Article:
The time has come, RIM fans, BlackBerry's PlayBook has begun to be seeded in the press and the reviews are leaking inward, toward your screen at an alarming rate. What are all these people with tapping fingers and eyes for the Canadian OS giant saying? We've got just the formula for you to find out: a roundup post. That's right, find out right here and right now what the 7" BlackBerry tablet has to offer, with its 16GB, 32GB, and 64GB Wi-Fi models having their $499, $599, and $699 prices respectively. Behold the words of the judges!
Before we begin, perhaps some specs will freshen your memory of this cute little bug of a tablet device:
• 7” LCD, 1024 x 600, WSVGA, capacitive touch screen with full multi-touch and gesture support
• BlackBerry Tablet OS with support for symmetric multiprocessing
• 1 GHz dual-core processor
• 1 GB RAM
• Dual HD cameras (3 MP front facing, 5 MP rear facing), supports 1080p HD video recording
• Video playback: 1080p HD Video, H.264, MPEG, DivX, WMV
• Audio playback: MP3, AAC, WMA
• HDMI video output
• Wi-Fi - 802.11 a/b/g/n
• Bluetooth 2.1 + EDR
• Connections: microHDMI, microUSB, charging contacts
• Support for WebKit/HTML-5, Adobe Flash Player 10.1, Adobe Mobile AIR, Adobe Reader, POSIX, OpenGL, Java
• Size 5.1”x7.6”x0.4”
• Weight 0.9 lb
First, lets take a peek at our good pal Anand Shimpi over at AnandTech, who take a positively lit look at the device:
Ignoring immediate purchasing decisions, there are some things that RIM has done very right with the PlayBook. Full frame rate playback of 1080p High Profile H.264 content is a huge win. NVIDIA is promising this with Kal-El but RIM and TI deliver it here today. The only thing that's missing is support for .mkv containers and more audio codecs before we can really start putting tablets through our media streamer test suite.
With the exception of BlackBerry Bridge apps, multitasking is ridiculously smooth on the PlayBook. I've never been happy with Apple's multitasking UI and I've been dying for someone to copy webOS since its introduction, so kudos to RIM (and Palm). RIM does have to work on reducing application launch time and providing a consistent 60 fps experience across the OS. The issue with a super smooth UI is that the times when it isn't perfectly smooth really stand out.
Anand goes on to note that there's a complete lack of a built-in email client, calendar, or contact book. We've got to note that these items will basically certainly be available once the device ships via the app market of course, but not having them built in is rather absurd no matter what direction you're looking at it from.
Next is of Tim Stevens of Engadget who decidedly aims directly at the graphics and app handling of the device, noting that while apps load quickly and graphics roll out with ease and grace, there's been more than one update to the software since they got the device in their possession. Is that a good thing? He's guessing probably not:
Graphics are handled by a PowerVR design, which quite handily offloads video decoding and gaming acceleration from the processor, enabling this thing to decode and display 1080p video over HDMI while still ticking along quite smoothly and running productivity apps on the seven-inch display. Not a hint of dithering or pixelation, of course. Apps load quickly, tend to be impressively responsive, and switching from one to the next is effortless.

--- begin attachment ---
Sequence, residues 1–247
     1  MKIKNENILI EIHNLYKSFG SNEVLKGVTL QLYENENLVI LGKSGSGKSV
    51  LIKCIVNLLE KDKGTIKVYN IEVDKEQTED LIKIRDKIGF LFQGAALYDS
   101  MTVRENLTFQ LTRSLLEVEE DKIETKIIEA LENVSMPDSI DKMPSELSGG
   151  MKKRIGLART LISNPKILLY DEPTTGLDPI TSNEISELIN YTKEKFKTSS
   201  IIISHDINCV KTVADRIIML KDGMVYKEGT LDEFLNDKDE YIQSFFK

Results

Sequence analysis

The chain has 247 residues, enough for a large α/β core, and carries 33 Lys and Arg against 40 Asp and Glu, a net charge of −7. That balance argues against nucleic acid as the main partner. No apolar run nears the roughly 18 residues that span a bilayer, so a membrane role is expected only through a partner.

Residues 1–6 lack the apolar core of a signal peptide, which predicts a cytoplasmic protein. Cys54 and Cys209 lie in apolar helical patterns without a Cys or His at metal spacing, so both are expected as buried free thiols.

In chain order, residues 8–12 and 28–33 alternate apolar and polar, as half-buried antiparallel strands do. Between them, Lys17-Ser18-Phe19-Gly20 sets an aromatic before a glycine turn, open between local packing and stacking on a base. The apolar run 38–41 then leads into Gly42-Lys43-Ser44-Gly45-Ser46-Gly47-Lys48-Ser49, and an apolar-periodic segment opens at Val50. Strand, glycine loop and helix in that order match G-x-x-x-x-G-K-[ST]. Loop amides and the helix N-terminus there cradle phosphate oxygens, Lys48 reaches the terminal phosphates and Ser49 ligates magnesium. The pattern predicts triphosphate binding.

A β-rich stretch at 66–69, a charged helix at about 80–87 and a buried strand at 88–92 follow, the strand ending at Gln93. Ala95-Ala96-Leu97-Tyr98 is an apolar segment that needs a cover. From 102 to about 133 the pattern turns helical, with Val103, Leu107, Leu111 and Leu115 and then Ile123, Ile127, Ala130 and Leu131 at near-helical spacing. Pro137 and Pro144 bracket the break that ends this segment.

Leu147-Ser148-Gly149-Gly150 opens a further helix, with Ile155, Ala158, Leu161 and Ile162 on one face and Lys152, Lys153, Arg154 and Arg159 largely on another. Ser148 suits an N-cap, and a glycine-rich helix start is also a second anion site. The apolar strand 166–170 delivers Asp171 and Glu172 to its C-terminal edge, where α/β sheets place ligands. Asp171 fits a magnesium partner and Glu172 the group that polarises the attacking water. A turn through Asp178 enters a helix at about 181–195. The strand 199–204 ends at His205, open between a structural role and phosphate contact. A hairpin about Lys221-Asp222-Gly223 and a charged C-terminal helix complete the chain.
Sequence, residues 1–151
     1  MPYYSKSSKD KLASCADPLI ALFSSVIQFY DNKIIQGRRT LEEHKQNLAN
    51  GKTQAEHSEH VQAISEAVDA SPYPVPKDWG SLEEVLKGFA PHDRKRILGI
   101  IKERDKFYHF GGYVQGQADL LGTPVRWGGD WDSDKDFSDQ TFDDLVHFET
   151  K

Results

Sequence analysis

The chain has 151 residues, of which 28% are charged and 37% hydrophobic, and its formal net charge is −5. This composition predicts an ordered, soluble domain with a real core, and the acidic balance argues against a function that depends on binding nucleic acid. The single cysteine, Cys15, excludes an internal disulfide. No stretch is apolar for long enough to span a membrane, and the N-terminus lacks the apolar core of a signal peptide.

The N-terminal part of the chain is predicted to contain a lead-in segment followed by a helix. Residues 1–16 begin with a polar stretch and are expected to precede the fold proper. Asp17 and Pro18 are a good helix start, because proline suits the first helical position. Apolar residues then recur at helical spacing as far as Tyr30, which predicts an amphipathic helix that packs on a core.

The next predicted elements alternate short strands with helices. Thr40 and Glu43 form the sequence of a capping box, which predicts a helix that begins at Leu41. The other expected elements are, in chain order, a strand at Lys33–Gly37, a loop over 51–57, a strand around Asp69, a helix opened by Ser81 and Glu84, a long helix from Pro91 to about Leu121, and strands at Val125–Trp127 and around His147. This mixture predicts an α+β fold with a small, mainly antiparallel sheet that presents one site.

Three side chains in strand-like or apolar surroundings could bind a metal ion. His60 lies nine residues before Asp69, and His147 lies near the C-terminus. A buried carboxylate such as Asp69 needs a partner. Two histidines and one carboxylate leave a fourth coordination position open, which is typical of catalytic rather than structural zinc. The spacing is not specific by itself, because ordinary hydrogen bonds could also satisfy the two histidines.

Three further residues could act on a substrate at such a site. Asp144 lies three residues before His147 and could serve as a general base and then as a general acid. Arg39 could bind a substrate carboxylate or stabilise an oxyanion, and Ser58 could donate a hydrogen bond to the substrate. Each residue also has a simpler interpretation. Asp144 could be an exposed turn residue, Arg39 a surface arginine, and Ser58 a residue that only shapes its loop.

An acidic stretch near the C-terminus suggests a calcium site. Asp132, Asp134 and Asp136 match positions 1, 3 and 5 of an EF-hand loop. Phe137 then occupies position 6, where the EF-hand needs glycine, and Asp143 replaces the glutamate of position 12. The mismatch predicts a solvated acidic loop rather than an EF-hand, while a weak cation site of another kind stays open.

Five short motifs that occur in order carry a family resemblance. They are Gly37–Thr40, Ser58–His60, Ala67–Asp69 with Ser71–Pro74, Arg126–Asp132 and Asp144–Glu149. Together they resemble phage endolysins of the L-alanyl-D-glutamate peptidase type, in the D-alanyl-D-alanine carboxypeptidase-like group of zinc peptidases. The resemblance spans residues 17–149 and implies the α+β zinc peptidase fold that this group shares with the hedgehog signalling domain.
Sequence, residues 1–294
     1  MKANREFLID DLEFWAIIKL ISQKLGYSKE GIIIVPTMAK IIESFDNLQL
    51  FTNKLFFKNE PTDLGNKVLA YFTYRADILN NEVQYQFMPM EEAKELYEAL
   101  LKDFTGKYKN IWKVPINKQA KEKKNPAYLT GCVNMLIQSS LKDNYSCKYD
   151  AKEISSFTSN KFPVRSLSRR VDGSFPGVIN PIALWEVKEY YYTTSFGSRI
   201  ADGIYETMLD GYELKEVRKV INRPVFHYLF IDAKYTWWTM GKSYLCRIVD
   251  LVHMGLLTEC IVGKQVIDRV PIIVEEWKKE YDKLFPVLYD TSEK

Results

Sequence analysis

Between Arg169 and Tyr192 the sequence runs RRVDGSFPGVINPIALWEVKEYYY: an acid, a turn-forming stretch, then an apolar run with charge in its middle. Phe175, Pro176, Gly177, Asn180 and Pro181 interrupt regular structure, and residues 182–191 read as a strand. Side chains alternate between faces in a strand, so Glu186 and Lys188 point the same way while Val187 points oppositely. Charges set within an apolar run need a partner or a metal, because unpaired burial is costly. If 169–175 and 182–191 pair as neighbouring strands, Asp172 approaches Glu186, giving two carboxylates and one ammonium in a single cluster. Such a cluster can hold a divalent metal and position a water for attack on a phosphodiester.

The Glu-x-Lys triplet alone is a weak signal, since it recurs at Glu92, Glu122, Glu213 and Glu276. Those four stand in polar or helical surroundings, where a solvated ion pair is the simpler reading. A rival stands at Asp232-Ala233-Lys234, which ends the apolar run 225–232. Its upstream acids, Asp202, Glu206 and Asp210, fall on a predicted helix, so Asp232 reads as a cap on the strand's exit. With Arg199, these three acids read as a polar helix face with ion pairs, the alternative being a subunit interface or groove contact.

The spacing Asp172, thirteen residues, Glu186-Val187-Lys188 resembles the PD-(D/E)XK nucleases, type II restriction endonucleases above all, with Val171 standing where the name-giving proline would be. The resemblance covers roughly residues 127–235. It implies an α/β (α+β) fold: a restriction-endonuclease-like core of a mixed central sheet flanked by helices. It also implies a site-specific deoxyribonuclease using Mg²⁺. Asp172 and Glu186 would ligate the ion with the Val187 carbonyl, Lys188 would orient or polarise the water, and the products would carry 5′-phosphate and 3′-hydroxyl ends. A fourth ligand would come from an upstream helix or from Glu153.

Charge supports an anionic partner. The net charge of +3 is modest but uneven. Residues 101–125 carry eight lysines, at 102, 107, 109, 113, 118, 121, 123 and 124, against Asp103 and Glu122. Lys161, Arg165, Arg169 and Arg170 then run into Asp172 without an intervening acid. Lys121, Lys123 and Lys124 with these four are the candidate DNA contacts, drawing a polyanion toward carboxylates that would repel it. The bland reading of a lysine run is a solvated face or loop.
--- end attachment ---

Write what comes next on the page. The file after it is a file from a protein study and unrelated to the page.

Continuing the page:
Early builds of the PlayBook software (we're now on our third since taking possession of the thing) seemingly had some issues managing memory, and on multiple occasions we found upper corners glowing red. Our first thought was that the guns on our CRT had been misaligned by a wayward magnet, but this is just how the PlayBook alerts you to issues, in this case a lack of memory. Memory management seems to be much improved in the most recent build we've received, but you can certainly still kill unwanted apps whenever you want by simply swiping them vertically, off into oblivion.
Walter S Mossberg of Personal Technology from the Wall Street Journal notes that the PlayBook appears to work as a companion for a BlackBerry handset rather than working on its own - Android, iOS, and Symbian users beware!
This odd system, aimed at pleasing security-concerned corporate customers, doesn’t work with other smartphones. So, in my view, even though Bridge is a neat technical feat, it makes the PlayBook a companion to a BlackBerry phone rather than a fully independent device. That may be fine for dedicated BlackBerry owners, but it isn’t so great for people with other phones. PlayBook owners with other phones must do things such as email and calendar tasks on the tablet using Web-based apps like Google’s or Yahoo’s via the PlayBook’s browser. All other phones can do is provide the PlayBook an Internet connection using their hot-spot features.
Mark Spoonauer of Laptop Magazine comments on the Laptop version of BlackBerry specifically as well:
The BlackBerry Tablet OS is a fresh new platform leveraging two key acquisitions: QNX (for its reliability and Flash support) and TAT (for its interface expertise). Together, these ingredients create an environment that's optimized for multitasking. The UI is strikingly similar to HP's webOS, but we're not complaining.
In the end, it appears that all reviewers are telling you to wait until the device is out for a while to pick it up, this advice especially directed at non-BlackBerry people who may find themselves in for a world of… BlackBerry. But it's only the first round of reviews! Wait and see what everyone else in the world says over the next few days and weeks before you flip out. And if you just want a free one, well, we've got you covered again! Win a free BlackBerry PlayBook with only a few clicks to your buttons!